The OECD issued a batch of peer review reports on the tax and financial transparency of 10 jurisdictions, giving Norway and Ireland top ratings while finding Canada, Germany, and Australia have room to improve, reports the Irish Times.
Jamaica was rated as only “partially compliant,” with the Organization for Economic Cooperation and Development (OECD) citing the lack of a legal framework to ensure that beneficial ownership information is maintained and available. All of the other countries reviewed received a rating of “largely compliant” or higher.
The review is part of the implementation of the common reporting standard, a Group of 20-led effort for nations to exchange tax and financial information in the hopes of cracking down on tax evasion and avoidance. The latest group of peer review reports follows up on an initial assessment made in 2011.
The OECD’s Global Forum on Transparency and Exchange of Information for Tax Purposes completed the reviews.
The OECD gave “compliant” ratings to Ireland, Mauritius, and Norway, while rating Australia, Bermuda, Canada, the Cayman Islands, Germany, and Qatar as “largely compliant.”
In the cases of Canada and Australia, both nations’ scores dipped since their 2011 review, due to the failure to implement new standards on the availability of ownership identity, and other accounting information, according to the OECD reports. In the case of Germany, the OECD complained that a restriction on bearer shares-equity in a corporation granted through a physical stock certificate-doesn’t apply retroactively. It also highlighted practical issues with Germany’s implementation of the standards, including that “some of Germany’s partners still have pointed to delays and difficulties in terms of communication.”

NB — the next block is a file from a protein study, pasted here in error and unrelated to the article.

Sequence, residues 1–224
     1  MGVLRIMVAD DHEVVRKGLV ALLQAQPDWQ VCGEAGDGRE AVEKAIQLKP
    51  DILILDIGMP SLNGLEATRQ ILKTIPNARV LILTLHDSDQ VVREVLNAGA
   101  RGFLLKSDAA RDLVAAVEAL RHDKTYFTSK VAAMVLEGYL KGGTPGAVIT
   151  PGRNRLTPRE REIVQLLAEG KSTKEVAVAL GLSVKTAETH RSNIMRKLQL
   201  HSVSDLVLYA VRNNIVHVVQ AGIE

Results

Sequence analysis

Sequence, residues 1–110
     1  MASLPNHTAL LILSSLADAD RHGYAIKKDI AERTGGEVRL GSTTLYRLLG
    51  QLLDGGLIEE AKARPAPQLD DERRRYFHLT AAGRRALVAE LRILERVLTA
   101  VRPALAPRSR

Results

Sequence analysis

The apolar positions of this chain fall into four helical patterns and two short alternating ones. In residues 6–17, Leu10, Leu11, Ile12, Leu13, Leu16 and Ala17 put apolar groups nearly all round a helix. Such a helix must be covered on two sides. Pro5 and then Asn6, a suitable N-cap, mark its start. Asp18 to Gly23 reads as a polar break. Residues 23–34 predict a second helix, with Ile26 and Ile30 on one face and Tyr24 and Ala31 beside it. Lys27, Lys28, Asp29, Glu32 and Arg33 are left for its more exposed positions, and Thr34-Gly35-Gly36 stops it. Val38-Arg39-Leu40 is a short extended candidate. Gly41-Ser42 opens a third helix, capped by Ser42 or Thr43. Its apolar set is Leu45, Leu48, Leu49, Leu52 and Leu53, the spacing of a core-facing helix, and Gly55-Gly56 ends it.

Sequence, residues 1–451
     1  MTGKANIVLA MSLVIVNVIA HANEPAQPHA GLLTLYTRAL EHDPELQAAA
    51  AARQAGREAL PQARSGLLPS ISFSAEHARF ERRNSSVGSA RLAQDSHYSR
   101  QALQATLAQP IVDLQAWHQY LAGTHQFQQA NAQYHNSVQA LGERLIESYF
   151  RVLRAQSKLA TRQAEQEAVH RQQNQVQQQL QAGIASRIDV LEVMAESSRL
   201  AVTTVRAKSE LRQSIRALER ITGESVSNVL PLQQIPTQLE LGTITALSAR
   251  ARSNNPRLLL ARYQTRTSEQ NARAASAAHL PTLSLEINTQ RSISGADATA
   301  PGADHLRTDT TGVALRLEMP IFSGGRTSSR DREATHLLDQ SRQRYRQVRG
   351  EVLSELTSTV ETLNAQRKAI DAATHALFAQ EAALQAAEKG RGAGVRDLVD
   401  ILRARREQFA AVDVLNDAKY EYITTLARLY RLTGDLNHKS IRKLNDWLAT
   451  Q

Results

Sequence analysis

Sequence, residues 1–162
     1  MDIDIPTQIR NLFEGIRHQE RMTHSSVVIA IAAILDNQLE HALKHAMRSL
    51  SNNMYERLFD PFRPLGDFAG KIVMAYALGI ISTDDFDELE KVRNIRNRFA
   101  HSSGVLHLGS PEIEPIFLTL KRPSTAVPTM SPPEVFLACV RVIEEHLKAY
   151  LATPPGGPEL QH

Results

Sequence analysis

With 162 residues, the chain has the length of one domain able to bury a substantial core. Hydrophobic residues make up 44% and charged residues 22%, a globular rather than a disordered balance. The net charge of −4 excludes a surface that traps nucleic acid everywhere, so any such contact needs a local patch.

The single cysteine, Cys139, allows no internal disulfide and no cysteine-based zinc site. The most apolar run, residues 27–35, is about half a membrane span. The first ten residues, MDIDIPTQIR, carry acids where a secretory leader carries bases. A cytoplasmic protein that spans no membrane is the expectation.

The OECD noted that Jamaica has some requirements on beneficial ownership, but doesn’t have “robust mechanisms” in place to ensure that the rules are applied to all Jamaican entities-especially corporations incorporated outside Jamaica but centrally managed from there.
“Jamaica should take appropriate measures to ensure that beneficial ownership information is available in line with the standard for all relevant entities and arrangements for account-holders,” the report stated.
The Caribbean jurisdiction had been rated “largely compliant” in a 2013 review, but has fallen due to its failure to implement recommendations from that report, or for new standards introduced since then.
The CRS exchanges are planned to begin in September 2017.
The US is not currently participating in the system.